Help! My toddler doesn’t sleep | Expert Tips

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When Teddy was 7 months old I came home from work and found Jen, my wife, in tears. She was still in her pyjamas from the night before and hadn’t yet managed to take a shower. The reason being – our beautiful baby boy didn’t/wouldn’t/couldn’t sleep and the sleep deprivation was slowly ruining us!

Ted was the perfect baby during the day. Happy, smiley, content but at night he wanted two things – his mummy and boobs!

At 7 months Ted was feeding every hour and the sleep deprivation had hit us so hard that I just knew we had to do something. We turned to the UK’s leading sleep expert, Jo Tantum, for help.

The results were incredible and within 10 days Teddy was sleeping through the night.

We spent many months basking in our new-found energy levels and thoroughly enjoyed all the evenings we were now able to spend together. Our baby slept! Like other babies! We were overjoyed and felt like the luckiest parents on earth.

Then a few major things hit us in quick succession. Jen suffered a miscarriage at 12 weeks and both of our emotions were high. Teddy became extremely ill with some form of gastroenteritis and after two weeks of severe sickness and very little sleeping he was admitted in to hospital over night. Jen then suffered three more heart-breaking miscarriages and Teddy hit his head very badly and suffered multiple seizures. After his accident he didn’t want to leave Jen’s side and Jen didn’t want to leave his side either. They both became very dependent on one another and bedtimes quickly went downhill. The bedtime routine slipped little by little and slowly but surely we were right back to where we were when Teddy was a baby.

A typical night for night for us saw Ted in bed for 7pm with lights out. He would then call us back in to him for a million and one reasons; he was too hot (he wasn’t), he was too cold (he wasn’t), he couldn’t find his water bottle (he could), he lost his blanky ( he hadn’t), and so it went on.

This constant in and out went on for two and a half hours before finally around 9.30pm he would fall asleep exhausted. Jen would then go straight to bed too meaning we had no time together in the evenings. This very quickly started affecting our relationship as time together is so, so important to us both.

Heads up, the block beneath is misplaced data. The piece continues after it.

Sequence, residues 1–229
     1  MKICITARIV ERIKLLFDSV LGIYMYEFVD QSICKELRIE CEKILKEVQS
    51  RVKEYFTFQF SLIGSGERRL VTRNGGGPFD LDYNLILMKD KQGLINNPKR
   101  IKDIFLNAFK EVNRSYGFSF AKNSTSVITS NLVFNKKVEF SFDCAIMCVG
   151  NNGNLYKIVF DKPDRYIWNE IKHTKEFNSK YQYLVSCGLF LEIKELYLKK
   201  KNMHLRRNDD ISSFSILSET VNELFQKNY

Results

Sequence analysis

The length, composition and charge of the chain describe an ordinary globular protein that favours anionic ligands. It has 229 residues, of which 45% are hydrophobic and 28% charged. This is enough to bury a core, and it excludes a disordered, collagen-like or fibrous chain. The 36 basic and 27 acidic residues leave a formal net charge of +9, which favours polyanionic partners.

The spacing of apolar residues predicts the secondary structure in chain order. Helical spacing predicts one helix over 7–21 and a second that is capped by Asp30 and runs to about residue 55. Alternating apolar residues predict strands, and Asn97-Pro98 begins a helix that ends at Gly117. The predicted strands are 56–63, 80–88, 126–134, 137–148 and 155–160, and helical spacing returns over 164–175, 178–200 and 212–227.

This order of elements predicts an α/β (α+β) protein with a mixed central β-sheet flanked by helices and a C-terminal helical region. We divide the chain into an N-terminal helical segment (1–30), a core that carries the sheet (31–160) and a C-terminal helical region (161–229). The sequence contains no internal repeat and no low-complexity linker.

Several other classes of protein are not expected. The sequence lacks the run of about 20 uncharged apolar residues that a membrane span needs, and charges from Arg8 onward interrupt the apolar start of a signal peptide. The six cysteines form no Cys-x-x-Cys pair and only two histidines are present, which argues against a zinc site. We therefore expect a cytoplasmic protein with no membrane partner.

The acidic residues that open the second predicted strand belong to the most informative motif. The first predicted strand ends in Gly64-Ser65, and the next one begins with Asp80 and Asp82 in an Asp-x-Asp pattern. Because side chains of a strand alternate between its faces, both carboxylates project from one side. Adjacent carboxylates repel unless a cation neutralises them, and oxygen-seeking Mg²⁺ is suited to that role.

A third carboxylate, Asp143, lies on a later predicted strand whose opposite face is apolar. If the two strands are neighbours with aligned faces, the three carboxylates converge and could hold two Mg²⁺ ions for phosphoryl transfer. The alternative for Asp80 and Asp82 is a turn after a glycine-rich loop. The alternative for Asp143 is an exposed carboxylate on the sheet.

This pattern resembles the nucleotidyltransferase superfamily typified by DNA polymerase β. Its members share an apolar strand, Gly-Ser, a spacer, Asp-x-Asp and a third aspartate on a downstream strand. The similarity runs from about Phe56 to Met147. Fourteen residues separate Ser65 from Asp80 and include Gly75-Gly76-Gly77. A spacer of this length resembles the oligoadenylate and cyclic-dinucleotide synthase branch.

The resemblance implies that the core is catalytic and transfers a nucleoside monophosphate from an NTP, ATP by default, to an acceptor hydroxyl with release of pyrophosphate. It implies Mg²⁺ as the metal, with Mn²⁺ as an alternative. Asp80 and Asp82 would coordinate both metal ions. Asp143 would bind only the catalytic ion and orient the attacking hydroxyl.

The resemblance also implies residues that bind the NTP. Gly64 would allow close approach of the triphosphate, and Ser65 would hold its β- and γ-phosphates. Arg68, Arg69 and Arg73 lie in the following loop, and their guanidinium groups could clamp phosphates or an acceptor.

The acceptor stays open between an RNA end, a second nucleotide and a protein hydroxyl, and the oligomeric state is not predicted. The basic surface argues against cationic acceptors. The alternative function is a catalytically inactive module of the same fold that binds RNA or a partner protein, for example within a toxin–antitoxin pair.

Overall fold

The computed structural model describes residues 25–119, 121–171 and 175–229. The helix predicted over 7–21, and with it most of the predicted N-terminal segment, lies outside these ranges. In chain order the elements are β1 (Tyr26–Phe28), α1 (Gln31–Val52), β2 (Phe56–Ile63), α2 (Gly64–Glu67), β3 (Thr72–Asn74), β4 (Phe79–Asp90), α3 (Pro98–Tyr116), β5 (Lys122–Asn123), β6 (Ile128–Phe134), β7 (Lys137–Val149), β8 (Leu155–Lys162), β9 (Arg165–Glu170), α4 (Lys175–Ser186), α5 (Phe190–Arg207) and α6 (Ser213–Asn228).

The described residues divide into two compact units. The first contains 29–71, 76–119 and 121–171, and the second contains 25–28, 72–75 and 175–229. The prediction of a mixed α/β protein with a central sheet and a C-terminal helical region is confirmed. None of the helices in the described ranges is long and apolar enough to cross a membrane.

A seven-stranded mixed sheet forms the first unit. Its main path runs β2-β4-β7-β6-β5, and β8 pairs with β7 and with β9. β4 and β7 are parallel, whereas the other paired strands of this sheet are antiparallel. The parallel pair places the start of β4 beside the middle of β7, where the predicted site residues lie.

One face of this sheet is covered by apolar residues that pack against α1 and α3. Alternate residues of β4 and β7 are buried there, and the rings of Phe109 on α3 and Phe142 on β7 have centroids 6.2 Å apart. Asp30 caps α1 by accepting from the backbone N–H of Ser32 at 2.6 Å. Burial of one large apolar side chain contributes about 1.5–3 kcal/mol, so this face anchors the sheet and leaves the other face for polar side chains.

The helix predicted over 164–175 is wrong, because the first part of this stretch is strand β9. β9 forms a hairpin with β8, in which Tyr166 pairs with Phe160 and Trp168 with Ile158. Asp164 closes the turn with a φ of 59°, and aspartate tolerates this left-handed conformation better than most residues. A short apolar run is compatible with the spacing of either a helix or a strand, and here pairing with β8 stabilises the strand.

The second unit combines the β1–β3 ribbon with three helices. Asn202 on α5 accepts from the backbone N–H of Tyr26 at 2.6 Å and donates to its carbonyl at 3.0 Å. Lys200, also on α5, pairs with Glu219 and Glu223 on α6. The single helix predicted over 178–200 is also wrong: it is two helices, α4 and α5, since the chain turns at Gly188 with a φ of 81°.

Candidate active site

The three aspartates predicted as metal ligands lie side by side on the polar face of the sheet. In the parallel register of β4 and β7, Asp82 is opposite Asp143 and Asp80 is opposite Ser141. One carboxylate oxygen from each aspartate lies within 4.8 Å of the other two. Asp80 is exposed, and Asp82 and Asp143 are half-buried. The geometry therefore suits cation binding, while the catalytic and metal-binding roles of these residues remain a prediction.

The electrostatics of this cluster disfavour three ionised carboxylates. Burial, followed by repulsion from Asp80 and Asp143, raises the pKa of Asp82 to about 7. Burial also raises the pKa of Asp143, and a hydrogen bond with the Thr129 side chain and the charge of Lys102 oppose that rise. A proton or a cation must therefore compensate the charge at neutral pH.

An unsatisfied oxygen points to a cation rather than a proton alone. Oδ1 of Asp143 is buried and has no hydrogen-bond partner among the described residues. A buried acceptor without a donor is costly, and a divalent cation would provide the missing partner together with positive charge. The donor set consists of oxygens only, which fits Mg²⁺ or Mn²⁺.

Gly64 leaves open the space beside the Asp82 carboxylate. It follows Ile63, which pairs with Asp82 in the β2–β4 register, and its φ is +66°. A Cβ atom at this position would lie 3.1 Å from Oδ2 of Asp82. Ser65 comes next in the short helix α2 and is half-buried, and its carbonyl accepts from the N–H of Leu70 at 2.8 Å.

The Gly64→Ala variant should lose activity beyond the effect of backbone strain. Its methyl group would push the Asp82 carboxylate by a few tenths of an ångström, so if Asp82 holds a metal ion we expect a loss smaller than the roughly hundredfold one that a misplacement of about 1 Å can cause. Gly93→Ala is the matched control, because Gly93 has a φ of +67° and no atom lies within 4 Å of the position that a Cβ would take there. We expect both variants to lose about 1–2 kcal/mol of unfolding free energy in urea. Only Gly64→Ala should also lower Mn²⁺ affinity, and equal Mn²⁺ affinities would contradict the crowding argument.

By 10.30-11pm Ted would wake. He’d ask for a bottle or for his hair to be stroked or for a cuddle and then usually after 10-15 minutes he’d be asleep again. The same would happen about 1. Then again at 3. And then he would be up for the day at 4/5am.

That was an average night. The bad night saw him up for stretches of 2-4 hours.

We were in an absolute mess. We had no idea what to do and had tried everything we could think of. We both felt like utterly useless parents. Ted was two and a half and only sleeping a few hours at a time. We were forever being contacted by people telling us all about their 7-7 babies and we just couldn’t understand why we were in such a different situation to them. We felt like we had the worst 2 and a half year old sleeper in the world and blamed ourselves and each other!!

When the sleep deprivation meant Jen and Ted were both regularly in tears during the day again we knew we couldn’t take any more and we contacted Jo, for the second time, in desperation.

Jo suggested we keep a record of his sleep pattern for a few days. That way we would be able to give her the full picture of what was happening each evening. When you’ve had next to no sleep it is hard to recall the exact timings of things so a sleep diary is a really good idea.

Jo offers many different sleep advice packages but we opted for the skype call option. We went through our sleep diary with Jo and she told us the key reasons she could see for Ted’s poor sleeping.

After a 30 minute chat with Jo we had devised a new bed time plan for Ted.

The plan involved three key things: